Belachan Restaurant's Penang Lobak
Left: century egg; Front: shrimp fritters; Middle: bean-curd-wrapped pork; Far back: Fried tofu
Although there are several Malaysian restaurants in Sunset Park's Chinatown, Belachan is probably the most worthwhile. When Robert Sietsema favorably reviewed Belachan in 2007, he pronounced that the dishes "smack you upside the head with the intensity of their flavors." This weekend, we got knocked around by the restaurant's seriously hefty Penang lobak: a mess of wonderfully crisp fried morsels.
The word "lobak" refers both to a composed dish of various fried goods, and specifically to the spiced pork rolls in bean-curd wrappers that usually have pride of place on the plate. The rolls are sizzled in oil until golden and blistered, sliced into pieces, and served with a sweet soy sauce and sambal. In Malaysia, Lobak is often served from street stalls, where you can choose your poison from a number of crunchy items.
Belachan makes a lobak platter of their rich, sausage-like lobak (the bean-curd/pork rolls), fried shrimp fritters, fried tofu, and a gelatinous, blackened century egg. The shrimp bits resemble savory, burnished brittle studded with head-on crustaceans, caught like a bugs in amber. It's all fried to order, delicious and practically greaseless.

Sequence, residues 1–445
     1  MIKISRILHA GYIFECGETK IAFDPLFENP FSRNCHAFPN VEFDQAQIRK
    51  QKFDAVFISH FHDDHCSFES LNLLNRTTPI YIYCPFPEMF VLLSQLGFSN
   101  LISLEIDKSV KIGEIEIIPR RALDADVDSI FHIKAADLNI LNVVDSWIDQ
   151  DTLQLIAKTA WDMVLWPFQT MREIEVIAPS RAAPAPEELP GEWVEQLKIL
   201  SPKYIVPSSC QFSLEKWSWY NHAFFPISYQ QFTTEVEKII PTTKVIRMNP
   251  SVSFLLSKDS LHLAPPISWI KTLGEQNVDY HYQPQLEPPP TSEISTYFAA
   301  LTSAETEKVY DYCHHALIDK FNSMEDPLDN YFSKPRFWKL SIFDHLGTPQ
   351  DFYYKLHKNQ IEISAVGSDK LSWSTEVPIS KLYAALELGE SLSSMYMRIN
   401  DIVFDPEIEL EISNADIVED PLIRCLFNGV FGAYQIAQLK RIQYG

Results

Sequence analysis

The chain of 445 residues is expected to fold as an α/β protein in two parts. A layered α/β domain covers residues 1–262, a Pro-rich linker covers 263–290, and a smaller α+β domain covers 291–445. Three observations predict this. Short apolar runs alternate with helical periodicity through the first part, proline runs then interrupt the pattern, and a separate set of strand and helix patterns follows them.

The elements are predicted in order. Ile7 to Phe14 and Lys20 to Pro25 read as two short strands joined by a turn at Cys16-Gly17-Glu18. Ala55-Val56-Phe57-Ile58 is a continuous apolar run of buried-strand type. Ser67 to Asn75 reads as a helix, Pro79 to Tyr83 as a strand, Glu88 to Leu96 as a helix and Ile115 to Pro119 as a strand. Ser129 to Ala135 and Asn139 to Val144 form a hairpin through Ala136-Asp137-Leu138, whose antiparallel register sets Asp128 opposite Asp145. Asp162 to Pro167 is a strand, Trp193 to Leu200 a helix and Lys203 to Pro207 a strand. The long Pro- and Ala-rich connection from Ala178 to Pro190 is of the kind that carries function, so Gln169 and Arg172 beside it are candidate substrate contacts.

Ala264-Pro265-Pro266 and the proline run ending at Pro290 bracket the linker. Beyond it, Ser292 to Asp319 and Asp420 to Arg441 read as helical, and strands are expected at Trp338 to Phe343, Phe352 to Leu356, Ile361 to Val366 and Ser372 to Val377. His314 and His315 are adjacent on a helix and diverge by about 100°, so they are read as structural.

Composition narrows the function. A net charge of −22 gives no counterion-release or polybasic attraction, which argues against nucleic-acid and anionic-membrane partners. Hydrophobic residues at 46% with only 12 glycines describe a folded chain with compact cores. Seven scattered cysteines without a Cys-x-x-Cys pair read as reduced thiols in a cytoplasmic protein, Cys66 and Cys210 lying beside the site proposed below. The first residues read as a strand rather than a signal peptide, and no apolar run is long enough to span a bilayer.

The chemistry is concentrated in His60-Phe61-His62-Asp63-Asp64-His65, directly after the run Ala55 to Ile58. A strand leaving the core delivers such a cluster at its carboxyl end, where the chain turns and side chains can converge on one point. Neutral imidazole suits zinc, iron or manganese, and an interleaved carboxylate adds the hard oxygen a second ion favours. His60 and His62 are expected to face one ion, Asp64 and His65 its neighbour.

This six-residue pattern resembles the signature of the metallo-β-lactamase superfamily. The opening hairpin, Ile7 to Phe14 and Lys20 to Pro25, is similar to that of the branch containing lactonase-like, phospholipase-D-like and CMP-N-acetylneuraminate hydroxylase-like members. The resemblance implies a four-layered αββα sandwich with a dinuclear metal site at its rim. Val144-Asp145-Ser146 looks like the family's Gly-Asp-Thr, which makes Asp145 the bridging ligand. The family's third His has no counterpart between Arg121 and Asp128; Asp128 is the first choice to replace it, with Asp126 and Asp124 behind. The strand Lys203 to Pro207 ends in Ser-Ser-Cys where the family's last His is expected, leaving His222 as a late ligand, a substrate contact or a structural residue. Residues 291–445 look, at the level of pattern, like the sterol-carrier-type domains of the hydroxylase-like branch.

The plate costs $7.95 and is enough to put at least two people on their backs for the rest of the day.
6102 Seventh Avenue, Brooklyn 718-492-9088
Get the Food & Drink Newsletter
Our weekly guide to New York dining includes food news and reviews, as well as dining events and interviews with chefs and restaurant owners.